That's the headline. What's the reality?
A study published today in the Proceedings of the National Academy of Sciences by researchers at Northwestern University (Go Wildcats) states that insulin signaling keeps amyloid beta from binding into plaques. (Pictured are insulin injection systems known as insulin pens from Wikipedia.)
This is "a protective mechanism that naturally shields synapses" from deterioration, the study found.
Specifically, cells from the hippocampus treated with insulin and an anti-diabetes drug that promotes use of insulin became much less susceptible to damage from the amyloid beta plaques whose role is considered critical in development of Alzheimer's disease.
Proper insulin regulation, in other words, keeps plaques from forming.
Charities involved in fighting the disease hope that drugs now used against diabetes could now also be used against Alzheimer's. That may be too much to ask for at this time, but it is consistent with studies showing diabetes impacts the whole cardiovascular system, and that there are links between brain disease and heart disease.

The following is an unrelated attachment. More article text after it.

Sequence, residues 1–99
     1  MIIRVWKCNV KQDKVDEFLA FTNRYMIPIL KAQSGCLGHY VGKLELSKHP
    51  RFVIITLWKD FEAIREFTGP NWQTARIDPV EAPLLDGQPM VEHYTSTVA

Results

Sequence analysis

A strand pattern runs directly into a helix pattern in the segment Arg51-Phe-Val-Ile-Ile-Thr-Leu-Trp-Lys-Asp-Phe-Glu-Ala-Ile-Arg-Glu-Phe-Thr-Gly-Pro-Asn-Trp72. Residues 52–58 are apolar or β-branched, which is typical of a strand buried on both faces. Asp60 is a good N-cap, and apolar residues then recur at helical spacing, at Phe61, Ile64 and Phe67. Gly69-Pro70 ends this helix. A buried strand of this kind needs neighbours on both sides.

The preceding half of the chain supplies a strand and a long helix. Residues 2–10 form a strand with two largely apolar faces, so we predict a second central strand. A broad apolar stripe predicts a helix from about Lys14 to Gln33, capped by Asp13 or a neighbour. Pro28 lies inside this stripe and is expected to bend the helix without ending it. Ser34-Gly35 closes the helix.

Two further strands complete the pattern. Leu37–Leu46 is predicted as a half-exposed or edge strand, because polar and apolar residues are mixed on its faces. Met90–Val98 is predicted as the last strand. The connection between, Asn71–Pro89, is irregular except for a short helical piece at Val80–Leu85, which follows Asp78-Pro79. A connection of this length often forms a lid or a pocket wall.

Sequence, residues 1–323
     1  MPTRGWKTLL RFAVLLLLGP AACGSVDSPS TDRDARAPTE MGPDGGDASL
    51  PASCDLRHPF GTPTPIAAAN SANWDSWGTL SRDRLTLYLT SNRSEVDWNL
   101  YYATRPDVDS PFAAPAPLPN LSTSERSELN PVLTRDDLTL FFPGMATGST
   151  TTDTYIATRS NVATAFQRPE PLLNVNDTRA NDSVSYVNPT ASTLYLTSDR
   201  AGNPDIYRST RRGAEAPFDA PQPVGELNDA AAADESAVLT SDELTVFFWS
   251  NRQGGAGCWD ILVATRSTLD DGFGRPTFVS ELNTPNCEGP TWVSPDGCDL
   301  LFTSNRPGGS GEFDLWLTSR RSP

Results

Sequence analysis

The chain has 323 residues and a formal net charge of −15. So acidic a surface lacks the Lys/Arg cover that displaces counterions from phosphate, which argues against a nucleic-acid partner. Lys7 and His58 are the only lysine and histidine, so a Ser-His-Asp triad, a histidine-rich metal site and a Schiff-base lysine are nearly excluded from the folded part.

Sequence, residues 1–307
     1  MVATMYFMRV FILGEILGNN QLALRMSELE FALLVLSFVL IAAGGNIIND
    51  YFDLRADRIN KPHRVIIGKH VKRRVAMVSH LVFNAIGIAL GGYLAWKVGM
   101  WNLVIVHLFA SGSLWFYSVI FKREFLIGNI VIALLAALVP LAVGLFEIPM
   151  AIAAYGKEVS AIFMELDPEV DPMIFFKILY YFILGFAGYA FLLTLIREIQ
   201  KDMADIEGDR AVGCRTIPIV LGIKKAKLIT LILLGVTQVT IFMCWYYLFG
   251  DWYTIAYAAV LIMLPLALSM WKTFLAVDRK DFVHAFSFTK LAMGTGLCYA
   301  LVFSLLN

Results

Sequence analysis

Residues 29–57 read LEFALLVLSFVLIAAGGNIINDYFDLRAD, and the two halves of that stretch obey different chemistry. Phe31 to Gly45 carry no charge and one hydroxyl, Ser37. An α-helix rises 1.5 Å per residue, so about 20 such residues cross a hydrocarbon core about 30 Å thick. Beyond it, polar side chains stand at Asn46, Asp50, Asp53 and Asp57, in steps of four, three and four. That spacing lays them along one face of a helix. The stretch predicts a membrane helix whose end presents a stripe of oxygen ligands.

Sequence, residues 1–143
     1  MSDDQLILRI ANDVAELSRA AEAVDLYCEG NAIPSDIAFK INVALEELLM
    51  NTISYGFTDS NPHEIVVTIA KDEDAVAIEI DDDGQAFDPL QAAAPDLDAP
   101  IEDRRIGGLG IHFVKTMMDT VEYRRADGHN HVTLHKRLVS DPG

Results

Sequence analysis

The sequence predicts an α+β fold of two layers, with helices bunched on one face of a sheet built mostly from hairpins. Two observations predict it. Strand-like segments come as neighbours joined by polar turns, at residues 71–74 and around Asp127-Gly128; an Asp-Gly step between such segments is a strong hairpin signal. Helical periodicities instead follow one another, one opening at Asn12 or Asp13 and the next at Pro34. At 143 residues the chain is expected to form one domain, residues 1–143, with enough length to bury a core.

Diabetes is a disease marked by an inability to regulate blood sugar and impaired production of insulin by the body. Taking insulin causes blood sugar levels to drop. Other diabetes drugs promote this natural production of insulin.
What these studies point to is another use of insulin by the body, the prevention of plaque formation.
Difficulty in regulating blood sugar, it should be noted, is a natural part of aging. I recently found that my own symptoms of exhaustion were not produced by the hypertension I was treating, but by hypoglycemia -- low blood sugar. A little candy cured me.
So rather than just seeing Alzheimer's as diabetes, or heart disease, what we may be finding is that conditions involving cholesterol, blood pressure, and sugar should not be seen in isolation, but examined more closely as we age to prevent rather than cure these deadly contagions.